Sudan’s justice minister, Ali Mohamed Osman Yassin, formed the court through a national decree. He was quoted by local media as stating that the court was "considered a substitute to the International Criminal Court".
On 18 June, the Sudanese court started hearing the first cases of 160 people accused of committing crimes in the states of North, West and South Darfur, the official Sudan News Agency (SUNA) reported.
Christian Palme, public information adviser for the office of the prosecutor at the ICC, told IRIN on Thursday: "Before the prosecutor decided to take on the Darfur case, he first analysed the admissibility of the case, which included ICC complementarity with what the Sudanese legal system was doing."
He added: "Given that the prosecutor would focus his investigations on individuals who bear the greatest criminal responsibility for crimes committed in Darfur, the analysis concluded that an ICC investigation would complement [the work of] the Sudanese judiciary."
On 14 June, the UN Special Representative of the Secretary-General for Sudan, Jan Pronk, said the establishment of the special court was "positive, but it cannot be a substitute for the International Criminal Court."
Announcing the formation of the Sudanese court the same week that the ICC started its own investigations was "interesting timing", according to Pronk, who suggested that the two courts operate side by side.
The Ministry of Justice criticised Pronk's remarks, saying the Sudanese criminal court would be a substitute to the ICC.
"ICC article 17 stipulates that it can refuse to look into any case if investigations and trials can be carried out in the countries concerned except if they are unwilling to carry out the prosecutions," a ministry statement said.
The UN Security Council, in a resolution on 31 March, referred suspected criminal acts committed in Darfur to the ICC prosecutor in The Hague. The decision required Sudan and all other parties to the conflict to cooperate with the court.
The ICC treaty, which Sudan is not a signatory to, states that any defendant tried in fair and credible national trials cannot be retried by the ICC. The Sudanese prosecution, however, has identified only small-time criminals rather than the senior officials likely to be indicted by the ICC so far.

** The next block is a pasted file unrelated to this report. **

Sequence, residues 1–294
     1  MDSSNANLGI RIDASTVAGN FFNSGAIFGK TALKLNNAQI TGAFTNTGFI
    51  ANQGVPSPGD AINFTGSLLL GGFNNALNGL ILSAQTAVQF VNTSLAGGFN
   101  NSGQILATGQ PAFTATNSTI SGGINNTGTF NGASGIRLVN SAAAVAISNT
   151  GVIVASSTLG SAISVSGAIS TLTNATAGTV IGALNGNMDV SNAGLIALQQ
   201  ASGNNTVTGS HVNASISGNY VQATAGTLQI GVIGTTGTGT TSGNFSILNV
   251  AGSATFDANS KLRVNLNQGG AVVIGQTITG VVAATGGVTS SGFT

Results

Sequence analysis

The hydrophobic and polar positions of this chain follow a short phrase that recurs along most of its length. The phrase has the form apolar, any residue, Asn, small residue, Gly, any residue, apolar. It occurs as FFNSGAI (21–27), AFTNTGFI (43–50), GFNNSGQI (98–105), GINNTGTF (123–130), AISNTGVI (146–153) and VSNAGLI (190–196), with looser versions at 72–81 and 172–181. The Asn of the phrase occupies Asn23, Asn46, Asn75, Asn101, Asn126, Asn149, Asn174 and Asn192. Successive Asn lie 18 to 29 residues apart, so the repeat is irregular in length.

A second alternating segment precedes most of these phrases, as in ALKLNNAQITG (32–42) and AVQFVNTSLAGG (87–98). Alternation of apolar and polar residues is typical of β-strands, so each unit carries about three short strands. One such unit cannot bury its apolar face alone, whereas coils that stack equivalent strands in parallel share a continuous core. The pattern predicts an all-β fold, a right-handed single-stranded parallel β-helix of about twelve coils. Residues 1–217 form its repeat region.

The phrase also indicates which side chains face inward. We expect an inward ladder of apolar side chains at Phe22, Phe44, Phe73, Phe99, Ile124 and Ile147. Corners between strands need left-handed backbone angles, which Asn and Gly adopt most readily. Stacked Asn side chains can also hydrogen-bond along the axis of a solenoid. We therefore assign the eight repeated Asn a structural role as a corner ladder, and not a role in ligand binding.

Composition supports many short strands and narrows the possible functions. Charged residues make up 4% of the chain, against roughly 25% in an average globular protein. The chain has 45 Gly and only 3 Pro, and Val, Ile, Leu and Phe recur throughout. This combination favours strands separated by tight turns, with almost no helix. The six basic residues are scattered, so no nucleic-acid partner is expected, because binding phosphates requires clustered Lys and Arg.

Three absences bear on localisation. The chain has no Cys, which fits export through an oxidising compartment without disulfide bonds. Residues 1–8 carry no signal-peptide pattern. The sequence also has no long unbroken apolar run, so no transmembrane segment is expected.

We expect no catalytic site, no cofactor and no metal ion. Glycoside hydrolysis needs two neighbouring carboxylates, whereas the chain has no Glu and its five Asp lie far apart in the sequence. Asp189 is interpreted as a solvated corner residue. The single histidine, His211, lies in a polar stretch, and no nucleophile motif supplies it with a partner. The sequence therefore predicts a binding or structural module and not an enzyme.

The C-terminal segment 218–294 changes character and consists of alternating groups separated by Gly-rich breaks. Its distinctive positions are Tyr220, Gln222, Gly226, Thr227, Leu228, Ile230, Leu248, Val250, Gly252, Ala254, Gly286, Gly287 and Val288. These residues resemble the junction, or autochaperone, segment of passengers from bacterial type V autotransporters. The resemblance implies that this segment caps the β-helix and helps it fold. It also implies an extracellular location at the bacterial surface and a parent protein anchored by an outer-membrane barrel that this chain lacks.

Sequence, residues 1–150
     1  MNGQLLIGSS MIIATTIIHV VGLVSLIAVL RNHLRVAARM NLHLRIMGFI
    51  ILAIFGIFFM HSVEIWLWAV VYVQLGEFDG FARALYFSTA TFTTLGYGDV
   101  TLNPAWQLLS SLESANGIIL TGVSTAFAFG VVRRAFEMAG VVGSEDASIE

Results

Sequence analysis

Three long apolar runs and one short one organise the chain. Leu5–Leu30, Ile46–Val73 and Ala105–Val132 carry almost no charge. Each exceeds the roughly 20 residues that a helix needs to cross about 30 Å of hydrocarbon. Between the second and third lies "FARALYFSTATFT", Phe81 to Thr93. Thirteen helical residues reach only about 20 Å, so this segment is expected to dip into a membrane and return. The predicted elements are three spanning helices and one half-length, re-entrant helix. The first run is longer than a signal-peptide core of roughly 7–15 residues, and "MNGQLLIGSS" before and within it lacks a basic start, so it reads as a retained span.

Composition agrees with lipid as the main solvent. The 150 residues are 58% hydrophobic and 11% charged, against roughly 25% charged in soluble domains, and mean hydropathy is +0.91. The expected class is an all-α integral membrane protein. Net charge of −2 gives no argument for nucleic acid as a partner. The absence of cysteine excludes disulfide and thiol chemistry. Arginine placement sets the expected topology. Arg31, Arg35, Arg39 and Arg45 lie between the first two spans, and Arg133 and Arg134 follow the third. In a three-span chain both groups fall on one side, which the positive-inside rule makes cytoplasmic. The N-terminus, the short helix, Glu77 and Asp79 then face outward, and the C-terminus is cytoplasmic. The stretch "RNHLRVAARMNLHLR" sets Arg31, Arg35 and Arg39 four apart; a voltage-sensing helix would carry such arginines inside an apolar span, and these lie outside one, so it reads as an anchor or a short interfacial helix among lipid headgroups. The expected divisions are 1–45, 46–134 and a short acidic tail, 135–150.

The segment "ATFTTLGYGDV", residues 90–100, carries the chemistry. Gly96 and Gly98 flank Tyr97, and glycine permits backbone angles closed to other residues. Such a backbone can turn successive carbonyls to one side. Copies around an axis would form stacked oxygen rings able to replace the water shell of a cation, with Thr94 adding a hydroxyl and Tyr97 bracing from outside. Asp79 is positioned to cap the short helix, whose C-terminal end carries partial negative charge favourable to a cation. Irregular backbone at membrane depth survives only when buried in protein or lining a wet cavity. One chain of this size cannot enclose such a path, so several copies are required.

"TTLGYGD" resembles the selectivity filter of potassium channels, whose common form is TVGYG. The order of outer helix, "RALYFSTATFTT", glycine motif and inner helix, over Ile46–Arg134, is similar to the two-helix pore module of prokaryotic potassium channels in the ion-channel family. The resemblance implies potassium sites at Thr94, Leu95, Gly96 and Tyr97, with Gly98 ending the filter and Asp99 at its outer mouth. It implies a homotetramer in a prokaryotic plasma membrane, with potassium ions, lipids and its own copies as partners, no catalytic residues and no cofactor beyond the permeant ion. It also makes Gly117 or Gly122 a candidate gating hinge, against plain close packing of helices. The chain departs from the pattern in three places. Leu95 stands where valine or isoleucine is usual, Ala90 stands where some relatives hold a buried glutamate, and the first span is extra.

The first persons standing trial in the new court were accused of looting a bus and other vehicles carrying more than 100 people outside Nyala in December last year.
ICC Chief Prosecutor Luis Moreno-Ocampo said in an earlier statement that the investigation would be impartial and independent.
"The investigation will require sustained cooperation from national and international authorities. It will form part of a collective effort, complementing African Union and other initiatives to end the violence in Darfur and to promote justice," he said.
Sudanese President Umar al-Bashir has stated previously that his government would not hand over any of its citizens for trial outside the country. He said Sudan's own judiciary was qualified and ready to try those accused of any violations in Darfur.
In April, the country's Council of Ministers declared its "total rejection" of UN Security Council Resolution 1593, which called for those accused of war crimes in Darfur to be brought to trial before the ICC. The Sudanese council said the court lacked "justice and objectivity".
"We fear that the establishment of the special court may just be a tactic by the Sudanese government to avoid prosecution by the International Criminal Court," said Kolawole Olaniyan, director of Amnesty International's Africa Programme in a statement.
"What we have here is a court system that is willing to silence newspapers and aid workers who are attempting to speak the truth about human rights violations in Sudan. How can we trust that same system to bring to trial those accused of these violations?" he asked.
In a statement on 16 June, the chief justice of the Sudanese Supreme Court, Jalal Eldein M. Osman said: "We emphasise that the Sudanese judiciary has always lived to its oath, is capable, willing and committed to shoulder full responsibility in the establishment of justice and restoration of rights."
"You can have it both ways," Pronk observed, and referred to the International Criminal Tribunal for Rwanda in Arusha and the national court in Rwanda’s capital, Kigali, which operate alongside each other.
"It [the ICC] is there now, and so you have to do it both ways. Do it both ways in such a manner that indeed a combined result is an end to impunity as soon as possible," he concluded.